The International Union for Conservation of Nature is an international organization working in the field of nature conservation and sustainable use of natural resources. It is involved in gathering and analysis, field projects, lobbying. IUCNs mission is to influence and assist societies throughout the world to conserve nature and to ensure that any use of resources is equitable. Over the past decades, IUCN has widened its focus beyond conservation ecology and now incorporates issues related to equality, poverty alleviation. Unlike other international NGOs, IUCN does not itself aim to mobilize the public in support of nature conservation and it tries to influence the actions of governments and other stakeholders by providing information and advice, and through lobbying and partnerships. The organization is best known to the public for compiling and publishing the IUCN Red List. IUCN has a membership of over 1200 governmental and non-governmental organizations, some 11,000 scientists and experts participate in the work of IUCN commissions on a voluntary basis.
It employs approximately 1000 full-time staff in more than 60 countries and its headquarters are in Gland, Switzerland. IUCN has observer and consultative status at the United Nations, and plays a role in the implementation of several conventions on nature conservation. It was involved in establishing the World Wide Fund for Nature, in the past, IUCN has been criticized for placing the interests of nature over those of indigenous peoples. In recent years, its relations with the business sector have caused controversy. It was previously called the International Union for Protection of Nature, establishment In 1947, the Swiss League for the Protection of Nature organised an international conference on the protection of nature in Brunnen. It is considered to be the first government-organized non-governmental organization, the initiative to set up the new organisation came from UNESCO and especially from its first Director General, the British biologist Julian Huxley. At the time of its founding IUPN was the international organisation focusing on the entire spectrum of nature conservation Early years.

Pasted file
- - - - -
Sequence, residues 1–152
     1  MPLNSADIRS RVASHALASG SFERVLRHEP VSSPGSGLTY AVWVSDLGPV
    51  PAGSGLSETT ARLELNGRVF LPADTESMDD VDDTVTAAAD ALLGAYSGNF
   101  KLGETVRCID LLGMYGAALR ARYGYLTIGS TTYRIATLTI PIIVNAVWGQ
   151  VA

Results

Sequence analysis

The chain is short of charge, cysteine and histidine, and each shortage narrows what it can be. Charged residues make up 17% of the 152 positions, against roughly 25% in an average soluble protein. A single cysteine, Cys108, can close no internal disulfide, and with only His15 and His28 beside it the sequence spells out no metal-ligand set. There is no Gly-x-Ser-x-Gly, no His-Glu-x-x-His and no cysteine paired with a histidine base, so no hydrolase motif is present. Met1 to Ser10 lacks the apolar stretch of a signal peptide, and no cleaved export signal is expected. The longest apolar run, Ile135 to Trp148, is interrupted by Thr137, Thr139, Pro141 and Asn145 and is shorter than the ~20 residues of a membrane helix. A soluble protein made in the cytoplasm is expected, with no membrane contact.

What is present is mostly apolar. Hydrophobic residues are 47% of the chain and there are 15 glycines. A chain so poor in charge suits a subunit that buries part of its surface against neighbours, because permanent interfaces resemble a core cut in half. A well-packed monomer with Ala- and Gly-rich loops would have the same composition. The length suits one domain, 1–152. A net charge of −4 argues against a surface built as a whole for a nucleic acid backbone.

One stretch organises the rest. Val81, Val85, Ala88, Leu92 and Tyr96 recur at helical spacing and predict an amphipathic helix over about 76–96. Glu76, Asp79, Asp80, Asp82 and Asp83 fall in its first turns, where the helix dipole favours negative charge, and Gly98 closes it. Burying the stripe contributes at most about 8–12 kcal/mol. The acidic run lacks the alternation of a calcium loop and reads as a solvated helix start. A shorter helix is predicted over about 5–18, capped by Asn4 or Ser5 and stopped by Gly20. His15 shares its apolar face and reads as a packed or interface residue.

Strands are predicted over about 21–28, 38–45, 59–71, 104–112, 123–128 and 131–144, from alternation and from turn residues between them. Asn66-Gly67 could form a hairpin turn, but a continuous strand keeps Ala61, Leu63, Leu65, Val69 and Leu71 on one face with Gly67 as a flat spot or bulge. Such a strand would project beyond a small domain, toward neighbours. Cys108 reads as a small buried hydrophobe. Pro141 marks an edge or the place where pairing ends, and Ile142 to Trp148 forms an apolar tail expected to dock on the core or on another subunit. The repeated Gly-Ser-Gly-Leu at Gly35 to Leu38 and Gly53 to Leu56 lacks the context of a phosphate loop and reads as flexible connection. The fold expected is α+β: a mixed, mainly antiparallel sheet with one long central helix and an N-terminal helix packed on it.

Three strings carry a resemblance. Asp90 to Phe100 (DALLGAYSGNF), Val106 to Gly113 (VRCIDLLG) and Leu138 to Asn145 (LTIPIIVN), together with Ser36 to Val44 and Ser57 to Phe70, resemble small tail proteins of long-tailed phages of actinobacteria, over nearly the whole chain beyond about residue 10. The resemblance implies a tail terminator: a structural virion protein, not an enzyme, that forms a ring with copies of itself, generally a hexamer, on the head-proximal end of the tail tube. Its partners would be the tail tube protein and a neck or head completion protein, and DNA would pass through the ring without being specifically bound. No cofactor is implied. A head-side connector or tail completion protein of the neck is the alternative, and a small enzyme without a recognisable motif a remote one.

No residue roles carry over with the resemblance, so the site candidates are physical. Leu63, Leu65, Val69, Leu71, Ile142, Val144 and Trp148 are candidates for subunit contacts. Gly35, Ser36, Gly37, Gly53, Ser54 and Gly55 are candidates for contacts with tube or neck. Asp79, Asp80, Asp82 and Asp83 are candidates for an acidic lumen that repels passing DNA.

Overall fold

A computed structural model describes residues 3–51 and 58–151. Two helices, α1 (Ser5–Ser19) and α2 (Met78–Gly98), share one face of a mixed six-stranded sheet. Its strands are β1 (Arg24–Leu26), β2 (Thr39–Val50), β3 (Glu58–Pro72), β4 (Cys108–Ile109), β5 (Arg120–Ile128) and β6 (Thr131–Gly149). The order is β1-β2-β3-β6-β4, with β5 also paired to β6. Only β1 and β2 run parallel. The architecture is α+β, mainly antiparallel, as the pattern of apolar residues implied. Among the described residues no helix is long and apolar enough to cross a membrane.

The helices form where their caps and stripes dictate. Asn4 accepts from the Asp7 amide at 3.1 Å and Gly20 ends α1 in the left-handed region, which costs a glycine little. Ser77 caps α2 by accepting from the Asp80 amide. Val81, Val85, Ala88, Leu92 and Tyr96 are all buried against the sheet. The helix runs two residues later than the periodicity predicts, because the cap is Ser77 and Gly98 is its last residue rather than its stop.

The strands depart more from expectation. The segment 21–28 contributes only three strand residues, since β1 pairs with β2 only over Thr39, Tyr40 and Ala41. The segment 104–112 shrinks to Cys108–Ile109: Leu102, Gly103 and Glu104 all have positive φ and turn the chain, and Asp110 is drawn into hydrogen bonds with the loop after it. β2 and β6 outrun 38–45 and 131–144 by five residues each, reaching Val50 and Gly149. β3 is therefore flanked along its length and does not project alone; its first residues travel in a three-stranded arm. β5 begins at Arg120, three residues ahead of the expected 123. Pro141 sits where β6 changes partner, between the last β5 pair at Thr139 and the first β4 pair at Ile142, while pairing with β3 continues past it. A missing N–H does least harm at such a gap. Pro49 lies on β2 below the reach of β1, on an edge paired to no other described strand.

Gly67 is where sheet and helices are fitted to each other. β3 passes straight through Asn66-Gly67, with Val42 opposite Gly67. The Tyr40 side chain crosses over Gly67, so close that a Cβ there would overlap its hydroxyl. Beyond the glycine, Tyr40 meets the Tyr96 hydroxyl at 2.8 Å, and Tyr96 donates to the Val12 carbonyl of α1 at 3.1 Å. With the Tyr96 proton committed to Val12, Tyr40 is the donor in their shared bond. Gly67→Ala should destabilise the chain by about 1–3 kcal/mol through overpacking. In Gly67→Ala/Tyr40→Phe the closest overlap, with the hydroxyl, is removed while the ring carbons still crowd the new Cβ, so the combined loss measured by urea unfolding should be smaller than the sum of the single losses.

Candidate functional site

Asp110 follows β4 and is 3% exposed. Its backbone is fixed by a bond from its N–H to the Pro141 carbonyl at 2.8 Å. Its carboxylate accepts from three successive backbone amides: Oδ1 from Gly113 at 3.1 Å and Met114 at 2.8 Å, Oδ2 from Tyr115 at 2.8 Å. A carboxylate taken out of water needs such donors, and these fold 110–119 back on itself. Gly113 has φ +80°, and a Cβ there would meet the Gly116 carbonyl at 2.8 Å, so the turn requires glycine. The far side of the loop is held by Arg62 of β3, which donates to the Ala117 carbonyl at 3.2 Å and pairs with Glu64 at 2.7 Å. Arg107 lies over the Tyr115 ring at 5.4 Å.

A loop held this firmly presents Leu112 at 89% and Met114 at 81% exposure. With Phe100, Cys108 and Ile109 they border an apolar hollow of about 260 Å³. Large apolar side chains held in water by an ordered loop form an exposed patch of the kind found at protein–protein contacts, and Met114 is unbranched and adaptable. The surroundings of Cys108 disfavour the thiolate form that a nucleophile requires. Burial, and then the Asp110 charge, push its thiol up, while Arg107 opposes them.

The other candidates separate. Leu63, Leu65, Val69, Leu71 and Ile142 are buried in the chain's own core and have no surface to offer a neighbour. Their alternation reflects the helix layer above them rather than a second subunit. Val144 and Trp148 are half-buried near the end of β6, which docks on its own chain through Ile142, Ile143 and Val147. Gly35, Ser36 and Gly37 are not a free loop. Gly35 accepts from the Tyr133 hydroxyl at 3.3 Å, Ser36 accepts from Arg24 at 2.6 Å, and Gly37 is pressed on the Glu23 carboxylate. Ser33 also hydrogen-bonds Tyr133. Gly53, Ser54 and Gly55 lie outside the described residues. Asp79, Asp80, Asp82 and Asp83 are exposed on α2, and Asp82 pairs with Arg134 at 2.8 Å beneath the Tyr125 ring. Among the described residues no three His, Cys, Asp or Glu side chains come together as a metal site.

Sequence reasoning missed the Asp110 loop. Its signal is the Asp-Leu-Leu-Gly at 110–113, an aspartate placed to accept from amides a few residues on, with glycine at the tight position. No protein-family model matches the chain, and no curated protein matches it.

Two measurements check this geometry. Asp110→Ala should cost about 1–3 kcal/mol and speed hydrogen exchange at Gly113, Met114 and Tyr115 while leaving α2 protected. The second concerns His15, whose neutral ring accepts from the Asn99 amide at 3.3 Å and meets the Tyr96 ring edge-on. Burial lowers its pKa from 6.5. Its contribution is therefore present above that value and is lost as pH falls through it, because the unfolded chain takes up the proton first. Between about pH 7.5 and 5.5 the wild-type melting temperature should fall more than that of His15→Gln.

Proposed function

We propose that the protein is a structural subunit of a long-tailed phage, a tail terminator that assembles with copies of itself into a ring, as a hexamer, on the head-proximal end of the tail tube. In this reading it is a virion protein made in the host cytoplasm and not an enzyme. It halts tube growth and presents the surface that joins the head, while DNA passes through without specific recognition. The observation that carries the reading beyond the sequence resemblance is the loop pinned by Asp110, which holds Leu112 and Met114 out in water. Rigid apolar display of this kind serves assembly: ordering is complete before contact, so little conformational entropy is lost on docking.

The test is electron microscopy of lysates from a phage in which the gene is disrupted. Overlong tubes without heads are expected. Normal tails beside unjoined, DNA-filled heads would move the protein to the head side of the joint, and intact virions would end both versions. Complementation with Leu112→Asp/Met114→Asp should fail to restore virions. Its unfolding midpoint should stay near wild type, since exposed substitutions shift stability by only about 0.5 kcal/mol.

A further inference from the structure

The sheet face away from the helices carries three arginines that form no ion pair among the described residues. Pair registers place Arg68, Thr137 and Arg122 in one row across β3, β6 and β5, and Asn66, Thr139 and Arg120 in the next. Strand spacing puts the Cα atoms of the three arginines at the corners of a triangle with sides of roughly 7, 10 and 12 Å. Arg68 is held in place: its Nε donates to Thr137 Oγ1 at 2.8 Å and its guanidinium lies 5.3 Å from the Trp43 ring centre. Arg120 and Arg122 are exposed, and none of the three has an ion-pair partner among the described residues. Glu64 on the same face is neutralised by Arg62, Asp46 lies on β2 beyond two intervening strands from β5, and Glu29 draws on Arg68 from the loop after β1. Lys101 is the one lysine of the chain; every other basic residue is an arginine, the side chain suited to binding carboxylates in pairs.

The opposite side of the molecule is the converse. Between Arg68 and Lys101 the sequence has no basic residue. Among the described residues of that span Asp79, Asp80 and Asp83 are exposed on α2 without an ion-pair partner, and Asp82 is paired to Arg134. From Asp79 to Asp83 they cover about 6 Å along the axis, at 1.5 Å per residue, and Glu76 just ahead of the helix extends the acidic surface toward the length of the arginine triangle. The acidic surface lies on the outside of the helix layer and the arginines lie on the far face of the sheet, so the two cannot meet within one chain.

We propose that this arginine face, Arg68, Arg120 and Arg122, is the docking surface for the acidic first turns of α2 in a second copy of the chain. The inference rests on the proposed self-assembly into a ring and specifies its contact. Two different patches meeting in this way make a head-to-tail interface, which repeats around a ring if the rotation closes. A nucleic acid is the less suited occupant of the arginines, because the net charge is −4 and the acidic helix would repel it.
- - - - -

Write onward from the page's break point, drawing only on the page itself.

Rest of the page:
Its secretariat was located in Brussels and its first work program focused on saving species and habitats and applying knowledge, advancing education, promoting international agreements and promoting conservation. Providing a solid base for conservation action was the heart of all activities. IUPN and UNESCO were closely associated and they jointly organized the 1949 Conference on Protection of Nature. In preparation for this conference a list of endangered species was drawn up for the first time
The Scandinavian Mountains or the Scandes is a mountain range that runs through the Scandinavian Peninsula. The Scandinavian Mountains are often thought to be equivalent to the Scandinavian Caledonides. The western sides of the mountains drop precipitously into the North Sea and Norwegian Sea, forming the fjords of Norway, to the north they form the border between Norway and Sweden, still reaching 2,000 m high at the Arctic Circle. The mountain range just touches northwesternmost Finland, but are more than hills at their northernmost extension at the North Cape. The combination of a location and moisture from the North Atlantic Ocean has caused the formation of many ice fields. In Northern Norway, permafrost becomes common from about 800 to 900 meters AMSL on the western slope, the Scandinavian Montane Birch forest and grasslands terrestrial ecoregion is closely associated with the mountain range. Its names in the Scandinavian languages are, in Swedish Skandinaviska fjällkedjan, Skanderna, Fjällen or Kölen, the names Kölen and Kjølen are often preferentially used for the northern part, where the mountains form a narrow range near the border region of Norway and Sweden.
In southern Norway there is a scatter of mountain regions with individual names, such as Dovrefjell, Jotunheimen. The mountain chains highest summits are mostly concentrated in an area between Stavanger and Trondheim in southern Norway, with peaks over 1300 m and some peaks over 2000 m. Around Trondheim Fjord peaks decrease in altitude to about 400–500 m rising again to heights in excess of 1900 m further north in Swedish Lapland, the southern part of the mountain range contains the highest mountain of Northern Europe, Galdhøpiggen at almost 2500 m. This part of the chain is broader and contains a series of plateaux. In south-western Norway the plateaux and gently undulating surfaces are strongly dissected by fjords, the mountain chain is present in Sweden from northern Dalarna northwards, south of this point the Scandinavian Mountains lie completely within Norway. Most of the Scandinavian Mountains lack alpine topography, and where it does have it does relate to altitude, to the east the Scandinavian Mountains proper bounds with mountains that are lower and less dissected and are known as the förfjäll.